Michael Russo has covered the National Hockey League since 1995. He has covered the Minnesota Wild for the Star Tribune since 2005, after 10 years of covering the Florida Panthers for the Sun-Sentinel. He uses “Russo’s Rants” to feed a wide-ranging hockey-centric discussion with readers, and can be heard weekly on KFAN (100.3 FM) radio and seen weekly on Fox Sports North.

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Gigantic comeback victory by the Wild in Phoenix

Posted by: Michael Russo under Wild game coverage Updated: March 30, 2014 - 12:14 AM

To say this comeback win by the Wild was ginormous would be an understatement.

One week after coach Mike Yeo said the Wild was a “different team” and not in the midst of another late-season collapse, the Wild wasn’t giving anybody reason to believe otherwise.

The Stars walked into St. Louis two nights after the Wild was pummeled there and won 4-2 tonight. So if the Coyotes hung on to beat the Wild, the Wild would have fallen one point behind Phoenix with Dallas only a point behind the Wild.

Instead, the proverbial four-point game. The Wild got two third-period goals from Zach Parise and a winning goal by Jared Spurgeon to pull three up on Phoenix in the race for the top wildcard spot and stay four up on Dallas.

I’ll write more about this in my follow in Monday’s paper to advance the Kings game, but this came one night after Mikko Koivu, Parise and Ryan Suter called a players-only team meeting at the hotel to rally the troops. The idea came during a private captain’s breakfast Friday morning between Koivu, Parise and Suter.

The three then helped lead the Wild tonight. As always, read the game for all the details, but...

Koivu had three shots, two assists, the faceoff win that led to Parise’s tying goal and won 12 of 23 faceoffs. Plus-2. Koivu has nine assists in the past seven games.

Parise had two goals, passed his dad, J.P. in goals with 239, five shots, eight attempted shots, three hits and two blocked shots. Plus-2.

Suter was plus-3, had two shots and blocked two shots in 29:38 of ice time.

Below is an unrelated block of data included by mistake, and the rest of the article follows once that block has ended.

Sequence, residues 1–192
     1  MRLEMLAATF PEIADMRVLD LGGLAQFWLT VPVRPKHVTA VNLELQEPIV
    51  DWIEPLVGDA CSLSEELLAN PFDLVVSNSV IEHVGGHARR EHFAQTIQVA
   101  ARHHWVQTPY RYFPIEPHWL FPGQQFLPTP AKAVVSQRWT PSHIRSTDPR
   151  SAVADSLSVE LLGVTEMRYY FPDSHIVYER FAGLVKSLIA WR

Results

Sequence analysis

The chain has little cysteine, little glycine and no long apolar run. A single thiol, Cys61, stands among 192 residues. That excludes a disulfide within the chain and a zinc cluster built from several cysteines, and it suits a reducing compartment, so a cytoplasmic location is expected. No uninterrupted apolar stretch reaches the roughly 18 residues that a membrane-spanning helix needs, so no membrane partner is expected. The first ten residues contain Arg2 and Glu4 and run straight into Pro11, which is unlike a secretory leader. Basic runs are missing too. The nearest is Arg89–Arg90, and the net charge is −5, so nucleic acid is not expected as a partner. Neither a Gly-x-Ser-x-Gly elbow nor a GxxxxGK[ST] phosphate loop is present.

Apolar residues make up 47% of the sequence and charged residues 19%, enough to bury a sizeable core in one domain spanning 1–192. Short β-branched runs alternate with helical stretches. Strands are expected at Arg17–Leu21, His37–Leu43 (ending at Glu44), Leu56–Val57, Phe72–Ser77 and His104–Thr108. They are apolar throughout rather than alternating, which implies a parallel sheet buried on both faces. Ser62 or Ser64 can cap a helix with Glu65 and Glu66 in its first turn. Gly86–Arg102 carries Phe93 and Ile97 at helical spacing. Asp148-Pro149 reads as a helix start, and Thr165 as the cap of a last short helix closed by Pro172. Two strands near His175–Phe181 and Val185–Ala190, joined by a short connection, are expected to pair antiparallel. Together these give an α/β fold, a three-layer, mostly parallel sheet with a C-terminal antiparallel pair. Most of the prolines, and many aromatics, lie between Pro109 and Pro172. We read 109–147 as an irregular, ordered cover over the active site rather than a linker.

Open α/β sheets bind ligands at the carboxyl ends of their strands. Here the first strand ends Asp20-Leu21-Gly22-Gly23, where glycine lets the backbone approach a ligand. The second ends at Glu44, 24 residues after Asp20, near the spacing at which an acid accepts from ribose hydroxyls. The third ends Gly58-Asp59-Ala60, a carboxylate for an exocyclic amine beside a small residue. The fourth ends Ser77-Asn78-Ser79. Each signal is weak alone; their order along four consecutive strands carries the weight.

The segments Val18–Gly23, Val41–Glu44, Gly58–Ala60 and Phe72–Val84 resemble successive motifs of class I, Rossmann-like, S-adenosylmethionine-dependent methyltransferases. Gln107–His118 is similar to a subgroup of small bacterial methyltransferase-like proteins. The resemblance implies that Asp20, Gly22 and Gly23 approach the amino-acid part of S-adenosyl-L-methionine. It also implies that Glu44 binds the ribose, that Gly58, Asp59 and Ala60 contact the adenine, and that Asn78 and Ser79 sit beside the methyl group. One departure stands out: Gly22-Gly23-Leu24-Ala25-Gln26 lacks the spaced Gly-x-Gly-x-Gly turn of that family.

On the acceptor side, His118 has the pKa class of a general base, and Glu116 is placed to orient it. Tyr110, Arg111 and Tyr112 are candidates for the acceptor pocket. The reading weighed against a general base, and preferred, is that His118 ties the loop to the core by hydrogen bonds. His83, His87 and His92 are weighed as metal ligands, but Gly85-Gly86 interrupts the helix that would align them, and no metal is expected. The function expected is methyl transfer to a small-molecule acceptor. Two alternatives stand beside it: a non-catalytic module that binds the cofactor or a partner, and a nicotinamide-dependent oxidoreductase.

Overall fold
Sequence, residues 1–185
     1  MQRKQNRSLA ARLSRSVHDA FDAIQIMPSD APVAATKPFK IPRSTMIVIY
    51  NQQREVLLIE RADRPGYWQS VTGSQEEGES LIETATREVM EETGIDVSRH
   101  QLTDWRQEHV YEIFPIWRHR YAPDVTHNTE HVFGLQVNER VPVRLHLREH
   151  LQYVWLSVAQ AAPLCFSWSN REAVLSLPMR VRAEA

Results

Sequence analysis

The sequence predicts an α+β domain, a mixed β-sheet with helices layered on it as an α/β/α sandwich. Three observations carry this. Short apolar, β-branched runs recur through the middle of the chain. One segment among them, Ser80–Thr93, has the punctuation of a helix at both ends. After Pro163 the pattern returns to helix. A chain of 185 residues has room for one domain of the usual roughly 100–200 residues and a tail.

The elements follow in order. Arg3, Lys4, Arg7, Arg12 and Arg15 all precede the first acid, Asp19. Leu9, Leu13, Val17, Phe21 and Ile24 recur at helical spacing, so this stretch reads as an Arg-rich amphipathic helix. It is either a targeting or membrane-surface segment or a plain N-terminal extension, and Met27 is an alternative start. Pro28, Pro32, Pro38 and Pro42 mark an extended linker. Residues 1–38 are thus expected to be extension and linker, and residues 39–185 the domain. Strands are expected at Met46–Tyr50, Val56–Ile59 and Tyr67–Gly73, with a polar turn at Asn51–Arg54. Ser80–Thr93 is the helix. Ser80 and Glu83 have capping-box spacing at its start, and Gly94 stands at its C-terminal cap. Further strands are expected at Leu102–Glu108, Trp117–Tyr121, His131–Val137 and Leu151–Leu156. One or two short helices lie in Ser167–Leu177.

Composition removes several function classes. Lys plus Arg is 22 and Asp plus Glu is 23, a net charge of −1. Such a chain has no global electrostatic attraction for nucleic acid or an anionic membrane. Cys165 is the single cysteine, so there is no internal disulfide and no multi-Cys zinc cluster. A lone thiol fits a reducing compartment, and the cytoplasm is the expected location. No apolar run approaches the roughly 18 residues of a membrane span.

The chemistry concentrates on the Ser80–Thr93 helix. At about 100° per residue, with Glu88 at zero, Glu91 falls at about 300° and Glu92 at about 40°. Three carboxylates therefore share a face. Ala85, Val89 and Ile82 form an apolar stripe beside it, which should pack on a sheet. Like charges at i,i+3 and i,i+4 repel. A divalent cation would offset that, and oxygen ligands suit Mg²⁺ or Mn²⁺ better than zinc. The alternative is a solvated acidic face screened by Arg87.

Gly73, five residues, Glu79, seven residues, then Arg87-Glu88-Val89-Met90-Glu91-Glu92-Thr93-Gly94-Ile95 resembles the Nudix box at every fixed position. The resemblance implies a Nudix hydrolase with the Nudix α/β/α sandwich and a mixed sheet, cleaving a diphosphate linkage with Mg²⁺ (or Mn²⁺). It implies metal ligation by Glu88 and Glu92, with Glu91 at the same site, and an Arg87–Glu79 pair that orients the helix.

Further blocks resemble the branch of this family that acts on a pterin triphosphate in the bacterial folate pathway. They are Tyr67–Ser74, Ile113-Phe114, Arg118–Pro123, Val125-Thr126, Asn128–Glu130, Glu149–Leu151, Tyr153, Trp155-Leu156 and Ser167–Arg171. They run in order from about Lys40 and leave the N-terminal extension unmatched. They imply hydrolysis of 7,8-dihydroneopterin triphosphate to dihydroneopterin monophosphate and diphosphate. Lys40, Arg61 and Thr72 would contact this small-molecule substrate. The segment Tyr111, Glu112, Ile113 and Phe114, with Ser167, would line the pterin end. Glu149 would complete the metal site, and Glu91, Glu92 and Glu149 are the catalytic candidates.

The Wild had 29 hits tonight, blocked 22 shots, held Phoenix to three shots in the third period and no shots during one 23-minute span and got 23 saves from Ilya Bryzgalov, who kept the deficit to 1-0 for almost 45 minutes. He made some huge saves in the second. Zero doubt Yeo now comes back with him in L.A.

I talked on the radio this morning how if the Wild gives up the first goal (good chance because Phoenix has scored first in 12 of 15 games this month), it can’t get dejected. In a very un-Dave Tippett-like way, the Coyotes have coughed up lead after lead this season, especially lately.

The Wild completely took over the game in the third period after a tough first period in which it spent most the time in its zone because it could hardly make a pass. But once the Wild started to get pucks deep, it was all Minnesota.

The Wild’s penalty kill, which has been horrible the past month, gave up a goal on its first chance to kill one after twice failing to clear. But Phoenix had three more chances and the Wild killed all three, gaining momentum from the last by tying the score 1:01 after killing a minor.

Mike Yeo did a good job shuffling his lines, reuniting his first two lines from earlier this year in large part because the Parise-Granlund-Pominville line not only dried up, it was on for a bunch of goals lately. Granlund was minus-5 in the two games leading into tonight.

So tonight, the Parise-Koivu-Coyle line had a ton of chances and tied the game. He started with Niederreiter-Granlund-Pominville, but Niederreiter had another up and down game, so Yeo made a clever move at one point by throwing Matt Cooke on the line during a stretch where the Wild was sustaining a ton of pressure with bigtime forechecks in the second.

Then, in the third, he tossed Matt Moulson back on the line and Moulson-Granlund-Pominville helped set up Spurgeon’s winner. Nice response by Spurgeon, who got a pep talk from Yeo this morning, to two turnovers in the past two games that led to goals.

The Wild has to keep it going though. It’s going to go down to the wire, there’s little doubt.

Yeo wants a “springboard,” saying, “We’ve had enough games where there’s been some bad feelings afterward. Let’s use this as hopefully one we can build something off.”

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